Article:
Last night, about 10 minutes into my favorite show in the whole wide world—Extreme Makeover: Home Edition—the commercial break was interrupted by a breaking local news story:
A small, single-engine aircraft has crashed on the roof of a San Antonio retirement home. The incliment weather could be to blame, but we’re not sure. No one from the home has been injured, but it is believed that the pilot has been killed in the impact. We’ll keep you up to date.
Fine. This event is actually quite worthy of a news break, and the information was dispensed with reasonable brevity.
About fifteen minutes later, the local news cut in once again. The same information was once again dispensed but, this time, the news anchor sat down with another news anchor who had taken flying lessons at some point in his life to discuss possible reasons for the crash. Sigh. This guy was not a pilot, mind you, and really had no qualifications to be making any assertions about anything crash-related. They cut over to the weatherman a couple of times as he literally took guesses as to why the aircraft went down. All he could do was point out that we were having rainy weather. Perceptive. I was trying to be patient, but it was becoming increasingly difficult. Time was ticking away, and though I truly believe that this news story was worthy of a brief update, there was no update, only repetition. It was as if these news anchors were simply repeating themselves ad nauseum just to hear the sound of their own important voices. Twenty minutes later, regular programming resumed and I had learned absolutely nothing new about the crash.
Wednesday night, I missed the last five minutes of CSI:NY because of a news break announcing the death of Yasser Arafat.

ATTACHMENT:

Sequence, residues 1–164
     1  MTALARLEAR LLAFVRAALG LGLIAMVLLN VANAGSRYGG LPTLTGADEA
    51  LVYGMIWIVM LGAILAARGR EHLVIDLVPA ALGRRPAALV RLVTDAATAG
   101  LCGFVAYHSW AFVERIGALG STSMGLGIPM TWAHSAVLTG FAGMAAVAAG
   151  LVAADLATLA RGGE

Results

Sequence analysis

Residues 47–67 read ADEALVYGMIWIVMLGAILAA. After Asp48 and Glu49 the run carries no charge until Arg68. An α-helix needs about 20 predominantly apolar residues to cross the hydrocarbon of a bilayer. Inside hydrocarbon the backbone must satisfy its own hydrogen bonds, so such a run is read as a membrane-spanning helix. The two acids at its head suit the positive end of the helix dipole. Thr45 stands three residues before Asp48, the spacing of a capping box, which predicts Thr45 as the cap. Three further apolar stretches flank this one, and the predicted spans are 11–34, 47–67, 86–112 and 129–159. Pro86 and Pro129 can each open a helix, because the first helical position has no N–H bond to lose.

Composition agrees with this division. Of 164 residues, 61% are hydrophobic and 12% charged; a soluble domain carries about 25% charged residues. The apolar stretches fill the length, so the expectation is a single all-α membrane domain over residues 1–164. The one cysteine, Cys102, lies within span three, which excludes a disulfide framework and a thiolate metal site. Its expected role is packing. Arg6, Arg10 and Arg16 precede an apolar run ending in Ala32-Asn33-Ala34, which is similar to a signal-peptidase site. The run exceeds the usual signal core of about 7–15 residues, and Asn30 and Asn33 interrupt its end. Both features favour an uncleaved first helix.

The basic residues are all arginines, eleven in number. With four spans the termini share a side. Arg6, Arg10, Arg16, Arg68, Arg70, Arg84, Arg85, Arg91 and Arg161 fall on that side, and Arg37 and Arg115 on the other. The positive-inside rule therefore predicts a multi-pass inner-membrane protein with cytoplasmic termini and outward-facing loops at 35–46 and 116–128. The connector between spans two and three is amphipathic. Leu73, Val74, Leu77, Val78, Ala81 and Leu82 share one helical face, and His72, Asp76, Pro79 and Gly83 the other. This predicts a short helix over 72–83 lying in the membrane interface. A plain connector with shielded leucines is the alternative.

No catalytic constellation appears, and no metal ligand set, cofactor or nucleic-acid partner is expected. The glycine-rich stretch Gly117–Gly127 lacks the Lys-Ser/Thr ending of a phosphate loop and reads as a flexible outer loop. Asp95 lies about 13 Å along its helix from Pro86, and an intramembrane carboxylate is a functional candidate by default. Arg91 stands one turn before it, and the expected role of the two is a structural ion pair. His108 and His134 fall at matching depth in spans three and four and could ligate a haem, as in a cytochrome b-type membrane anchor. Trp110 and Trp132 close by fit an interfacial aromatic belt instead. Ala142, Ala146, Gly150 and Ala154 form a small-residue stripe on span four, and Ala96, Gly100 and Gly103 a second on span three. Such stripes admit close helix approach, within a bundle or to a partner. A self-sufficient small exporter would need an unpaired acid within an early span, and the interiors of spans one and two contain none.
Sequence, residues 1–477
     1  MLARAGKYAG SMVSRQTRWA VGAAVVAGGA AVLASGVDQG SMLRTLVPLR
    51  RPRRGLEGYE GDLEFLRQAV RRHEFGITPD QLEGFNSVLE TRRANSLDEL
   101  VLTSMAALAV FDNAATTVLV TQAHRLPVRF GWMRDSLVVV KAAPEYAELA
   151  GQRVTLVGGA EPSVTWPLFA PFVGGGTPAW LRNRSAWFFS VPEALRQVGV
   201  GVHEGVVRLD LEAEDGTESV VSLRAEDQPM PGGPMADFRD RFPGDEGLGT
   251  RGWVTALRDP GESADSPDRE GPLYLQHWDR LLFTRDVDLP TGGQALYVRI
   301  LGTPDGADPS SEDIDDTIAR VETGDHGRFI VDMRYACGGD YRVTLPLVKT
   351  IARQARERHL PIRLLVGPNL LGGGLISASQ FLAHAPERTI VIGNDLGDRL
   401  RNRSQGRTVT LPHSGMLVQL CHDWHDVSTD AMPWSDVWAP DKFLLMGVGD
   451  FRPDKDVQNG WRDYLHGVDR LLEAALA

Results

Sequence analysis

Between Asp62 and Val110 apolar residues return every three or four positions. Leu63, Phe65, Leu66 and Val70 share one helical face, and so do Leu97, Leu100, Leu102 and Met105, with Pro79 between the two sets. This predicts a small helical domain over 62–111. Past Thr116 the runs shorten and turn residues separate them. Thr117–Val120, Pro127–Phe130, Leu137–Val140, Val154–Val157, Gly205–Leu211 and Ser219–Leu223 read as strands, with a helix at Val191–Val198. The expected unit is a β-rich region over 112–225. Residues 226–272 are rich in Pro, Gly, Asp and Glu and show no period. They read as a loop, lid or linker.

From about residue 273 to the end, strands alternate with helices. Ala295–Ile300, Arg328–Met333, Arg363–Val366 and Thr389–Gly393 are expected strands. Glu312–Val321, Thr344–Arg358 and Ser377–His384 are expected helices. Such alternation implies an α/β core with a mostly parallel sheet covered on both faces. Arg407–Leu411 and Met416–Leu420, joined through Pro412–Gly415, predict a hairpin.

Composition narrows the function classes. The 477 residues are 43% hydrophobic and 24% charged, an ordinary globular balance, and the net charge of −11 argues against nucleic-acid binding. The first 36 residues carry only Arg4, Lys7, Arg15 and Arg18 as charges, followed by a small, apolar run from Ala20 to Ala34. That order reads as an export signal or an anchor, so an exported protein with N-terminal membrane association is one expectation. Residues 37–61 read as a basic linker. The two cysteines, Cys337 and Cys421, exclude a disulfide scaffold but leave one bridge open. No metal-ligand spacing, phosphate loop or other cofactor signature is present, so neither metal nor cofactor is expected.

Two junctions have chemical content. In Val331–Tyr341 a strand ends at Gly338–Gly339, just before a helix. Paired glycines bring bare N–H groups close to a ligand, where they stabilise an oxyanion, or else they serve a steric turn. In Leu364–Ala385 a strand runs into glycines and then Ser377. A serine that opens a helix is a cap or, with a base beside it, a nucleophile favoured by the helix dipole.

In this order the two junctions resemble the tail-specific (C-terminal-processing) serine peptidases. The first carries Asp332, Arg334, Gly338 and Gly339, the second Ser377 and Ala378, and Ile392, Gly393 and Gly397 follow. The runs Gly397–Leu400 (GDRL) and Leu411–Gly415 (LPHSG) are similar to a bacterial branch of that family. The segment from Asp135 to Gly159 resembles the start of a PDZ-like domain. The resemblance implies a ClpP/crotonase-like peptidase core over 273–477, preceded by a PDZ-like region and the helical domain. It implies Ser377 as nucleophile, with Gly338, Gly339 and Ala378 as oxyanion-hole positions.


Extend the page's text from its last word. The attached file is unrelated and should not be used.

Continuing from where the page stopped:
The news came on right after the news break, and guess what the top story was? You, guessed it: repeat-o-rama. Was it really necessary to break into regular programming to air a story that was already going to be aired five minutes later on the national news?
Let me be clear: I understand the importance of breaking news. I was disappointed to miss major portions of my television entertainment, but I could have forgiven the intrusion had there been anything informative or urgent about the news I received. Instead, I sat and listened to my local news team repeat the same information over and over and over again, with no end in sight. I didn’t see the CSI team solve the case, I got to see a news break. And then I got to see the exact same story on the news right after the news break.
I have seen this behavior many a time. My local news teams seem to be the least experienced in this sort of adlib newscasting, but seasoned outlets such as CBS have caused me great frustration as well. The protocol for these breaks seems to be, well, breaking down. Why do these news anchors feel the need to rehash the facts and events over and over again? Don’t they realized that once you start repeating yourself you actually may have nothing more to say? I have seen way too much stammering and adlibbing during breaking news stories lately.
Breaking news? You bet. And it’s high time we fixed it.